We're in Shearman’s office a couple of weeks ago, the morning after the firm secured A&O’s agreement in principle to merge. Becks Blue bottles litter the floor.
Adam Hakki, Senior Partner of Shearman & Sterling, lies asleep at his desk, his fingers still crossed, party popper streamers draped across his head.
A thumping noise comes from the ceiling, then a panel breaks loose and a dusty body plummets onto his desk.
SAATCHI, the legendary advertising guru, groans and climbs to his feet. He is malnourished and filthy.
SAATCHI: They would not let me in the front after last time.
HAKKI: What do you want?
SAATCHI: What Saatchi wants is not important - what you want is a new name.
HAKKI: For what?
SAATCHI: For your merger with Allen & Overy.
HAKKI: What! How do you know about that? We haven’t announced it yet.
SAATCHI: I shall level with you, I have been living up there.
HAKKI: In the ceiling?
SAATCHI: Deliveroo bin scraps, a monthly pit wash in the client loos, and insider info. Rich pickings for a canny ad man.
HAKKI: You need help.
SAATCHI: That makes two of us, but right now it is my turn to help you: announce the merger as if it's all agreed, now.
HAKKI: That would be very premature. The partners haven’t even voted yet.
SAATCHI: Exactly. Do not give them an out. That was your mistake with Hogan Lovells. You must announce the merger, unveil your new name, spin up a logo - the whole shebang.
HAKKI: But the A&O partners could still vote against it.
SAATCHI: Not if it has been presented it as a done deal. They will not want to make you look foolish.
HAKKI: Do you know anything about lawyers?
SAATCHI: I know a little about PR, and I am about to tell you a lot of it: if you announce the merger loudly enough, it will not matter if it is voted down.
SAATCHI: You will be yoked together in the public imagination. Everyone will think you are part of A&O whether you are or not.
HAKKI: I’m not sure-
SAATCHI: And with that billable revelation, I give you the new name and logo.
HAKKI: I do like the female focus.
SAATCHI: Yes, everyone is about chick-friendly shit these days.
HAKKI: Excuse me?
SAATCHI: Everyone is about empowering women in the workplace.
HAKKI: Right. But it’s a little too leftfield for us, especially as we're ‘Overy’ not ‘Ovary’.
SAATCHI: Got it. You want broader appeal.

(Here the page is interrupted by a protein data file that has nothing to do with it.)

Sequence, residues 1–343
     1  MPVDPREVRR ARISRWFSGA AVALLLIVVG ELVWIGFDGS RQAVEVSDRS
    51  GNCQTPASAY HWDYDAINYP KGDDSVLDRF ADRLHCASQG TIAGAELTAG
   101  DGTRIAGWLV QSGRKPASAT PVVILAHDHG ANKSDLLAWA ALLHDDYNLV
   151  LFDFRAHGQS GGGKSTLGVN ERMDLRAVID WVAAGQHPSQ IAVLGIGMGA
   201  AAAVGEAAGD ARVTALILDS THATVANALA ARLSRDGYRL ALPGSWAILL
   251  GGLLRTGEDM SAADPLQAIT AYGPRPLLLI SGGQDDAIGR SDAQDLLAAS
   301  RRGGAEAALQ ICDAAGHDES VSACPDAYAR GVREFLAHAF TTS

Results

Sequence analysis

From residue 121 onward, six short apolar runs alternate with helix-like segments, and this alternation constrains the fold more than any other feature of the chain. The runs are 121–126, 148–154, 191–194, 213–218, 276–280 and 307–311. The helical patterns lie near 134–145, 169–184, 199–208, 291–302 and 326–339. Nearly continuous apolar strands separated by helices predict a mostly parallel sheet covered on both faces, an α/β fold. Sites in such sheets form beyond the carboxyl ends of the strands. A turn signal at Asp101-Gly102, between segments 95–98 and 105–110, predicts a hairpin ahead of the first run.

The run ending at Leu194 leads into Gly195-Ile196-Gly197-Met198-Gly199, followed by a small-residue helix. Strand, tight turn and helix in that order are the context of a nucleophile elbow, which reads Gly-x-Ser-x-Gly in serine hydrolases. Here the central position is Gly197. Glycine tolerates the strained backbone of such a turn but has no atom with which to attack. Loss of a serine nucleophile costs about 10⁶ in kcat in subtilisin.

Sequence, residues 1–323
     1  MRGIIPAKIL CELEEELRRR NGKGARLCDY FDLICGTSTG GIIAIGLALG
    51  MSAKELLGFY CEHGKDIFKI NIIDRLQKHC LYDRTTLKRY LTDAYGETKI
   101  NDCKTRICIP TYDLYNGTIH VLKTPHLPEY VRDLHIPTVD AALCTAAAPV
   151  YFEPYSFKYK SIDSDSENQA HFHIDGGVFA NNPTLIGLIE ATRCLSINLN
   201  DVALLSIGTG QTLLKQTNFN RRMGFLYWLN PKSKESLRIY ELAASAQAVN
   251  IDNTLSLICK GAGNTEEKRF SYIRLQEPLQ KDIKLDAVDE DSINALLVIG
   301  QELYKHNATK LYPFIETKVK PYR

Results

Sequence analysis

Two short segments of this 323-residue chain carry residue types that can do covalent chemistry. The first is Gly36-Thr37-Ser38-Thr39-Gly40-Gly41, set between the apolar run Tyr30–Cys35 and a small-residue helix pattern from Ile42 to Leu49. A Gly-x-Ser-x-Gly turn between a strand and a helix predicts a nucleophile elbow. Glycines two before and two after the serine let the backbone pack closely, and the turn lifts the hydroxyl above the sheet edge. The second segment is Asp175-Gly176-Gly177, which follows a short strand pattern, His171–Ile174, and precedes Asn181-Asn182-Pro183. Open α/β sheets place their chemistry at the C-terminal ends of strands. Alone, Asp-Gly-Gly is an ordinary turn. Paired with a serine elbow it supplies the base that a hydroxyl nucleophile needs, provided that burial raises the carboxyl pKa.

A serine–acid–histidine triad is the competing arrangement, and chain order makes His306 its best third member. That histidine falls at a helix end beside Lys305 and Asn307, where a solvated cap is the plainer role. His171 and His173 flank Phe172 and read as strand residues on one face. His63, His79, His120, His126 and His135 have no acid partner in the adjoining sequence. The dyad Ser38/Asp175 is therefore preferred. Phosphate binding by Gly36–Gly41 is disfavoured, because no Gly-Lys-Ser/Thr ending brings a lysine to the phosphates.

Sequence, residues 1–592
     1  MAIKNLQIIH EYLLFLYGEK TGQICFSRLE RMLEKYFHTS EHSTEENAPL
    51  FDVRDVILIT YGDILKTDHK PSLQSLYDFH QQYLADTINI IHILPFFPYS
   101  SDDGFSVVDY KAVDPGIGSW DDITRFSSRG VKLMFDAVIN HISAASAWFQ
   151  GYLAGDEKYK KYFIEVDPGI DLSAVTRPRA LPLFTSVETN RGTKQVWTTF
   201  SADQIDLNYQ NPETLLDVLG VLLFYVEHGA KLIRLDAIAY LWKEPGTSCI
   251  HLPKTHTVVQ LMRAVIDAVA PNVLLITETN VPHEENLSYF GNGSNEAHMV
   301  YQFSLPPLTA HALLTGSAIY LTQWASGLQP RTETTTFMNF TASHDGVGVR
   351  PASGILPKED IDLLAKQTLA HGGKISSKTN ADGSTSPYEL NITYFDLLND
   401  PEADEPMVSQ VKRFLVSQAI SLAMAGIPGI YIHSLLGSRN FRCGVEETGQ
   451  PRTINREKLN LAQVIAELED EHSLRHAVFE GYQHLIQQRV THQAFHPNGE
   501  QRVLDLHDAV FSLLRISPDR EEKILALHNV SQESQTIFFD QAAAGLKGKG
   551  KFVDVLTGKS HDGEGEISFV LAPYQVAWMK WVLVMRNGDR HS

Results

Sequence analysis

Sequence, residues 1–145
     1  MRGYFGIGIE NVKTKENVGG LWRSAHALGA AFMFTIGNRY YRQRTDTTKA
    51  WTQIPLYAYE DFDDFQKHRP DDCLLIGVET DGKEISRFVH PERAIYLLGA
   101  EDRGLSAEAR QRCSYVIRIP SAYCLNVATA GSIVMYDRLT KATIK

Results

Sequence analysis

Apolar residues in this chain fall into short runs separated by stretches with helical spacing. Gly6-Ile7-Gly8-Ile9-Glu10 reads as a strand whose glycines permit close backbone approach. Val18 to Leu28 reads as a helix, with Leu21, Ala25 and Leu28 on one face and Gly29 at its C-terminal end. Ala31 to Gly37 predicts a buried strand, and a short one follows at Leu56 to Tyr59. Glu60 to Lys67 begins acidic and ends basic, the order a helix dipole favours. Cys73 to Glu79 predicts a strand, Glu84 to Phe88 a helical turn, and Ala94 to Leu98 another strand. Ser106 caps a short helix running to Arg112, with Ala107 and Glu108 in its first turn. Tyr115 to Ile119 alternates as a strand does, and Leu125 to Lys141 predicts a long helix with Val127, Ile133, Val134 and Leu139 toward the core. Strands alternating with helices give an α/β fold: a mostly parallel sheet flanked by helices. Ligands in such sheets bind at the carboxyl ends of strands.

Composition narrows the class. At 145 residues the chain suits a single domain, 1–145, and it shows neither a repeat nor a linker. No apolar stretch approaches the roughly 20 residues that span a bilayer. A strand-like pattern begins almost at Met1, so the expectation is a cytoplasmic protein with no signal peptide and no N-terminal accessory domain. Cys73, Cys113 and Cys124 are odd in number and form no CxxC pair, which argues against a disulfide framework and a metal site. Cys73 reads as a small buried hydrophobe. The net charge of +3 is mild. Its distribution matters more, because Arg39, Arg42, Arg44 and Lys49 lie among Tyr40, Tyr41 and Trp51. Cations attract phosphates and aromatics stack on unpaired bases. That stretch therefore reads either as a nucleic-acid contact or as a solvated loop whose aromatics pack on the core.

SAATCHI: You want stylish.
HAKKI: Is that possible?
SAATCHI: If we change things up a little, yes. Say hello to your new firm.
HAKKI: Isn’t ASOS already a thing?
SAATCHI: And now it is your thing.
HAKKI: I don’t think we’ll get away with that.
SAATCHI: Then how about an alternative remix for the real ones?
HAKKI: As a general principle I’d like to avoid having ‘ASS’ in our name.
SAATCHI: I did not pick up on that.
HAKKI: Really? The logo is an ass.
SAATCHI: I thought it was a face without eyes. That is why I added eyes.
HAAKI: It’s not for us.
SAATCHI: Can we go blue sky?
HAKKI: Until security arrives, sure.
SAATCHI: Should Shearman & Sterling be the pioneer that recovers ‘SS’ as a naming concept?
SAATCHI: I thought I would check. In that case, how wedded are you to 'Sterling'?
HAKKI: As a currency, very, as a name, we’re flexible.
SAATCHI: Time to lose Sterling and gain your new name!
HAKKI: Is that a drunk mispronouncing ‘Alan Shearer’?
SAATCHI: The common touch.
HAKKI: We want the elite touch. We’re going to be Magic Circle.
HAKKI: Please can we lose Alan Shearer and the other guy.
SAATCHI: That is a shame, I had to pay Shearer and Darren an awful lot for their image rights. Or rather, you did.
SAATCHI: No matter. Ta-da!
HAKKI: OK, that is a possibility.
SAATCHI: And to really nail it into the minds of the people, I have got a second name that I can also give you and charge you for: 'Allen Overy Shearman Sterling'.
HAKKI: Why do we need two names?
SAATCHI: Because I sustained a serious concussion falling through my living room floor.
HAKKI: I need to think about all this.
SAATCHI: Go ahead, although I made the announcement five minutes ago. My invoice is huge, I mean in the post.
HAKKI: Wait, what-
SAATCHI: Next stop, A&O. If anyone can get them over the line, I can. I shall be back before bedtime!
Saatchi wrenches the cover off an air conditioning vent and wriggles into it, thrashing his way along the tube to the outside world, leaving behind another satisfied customer.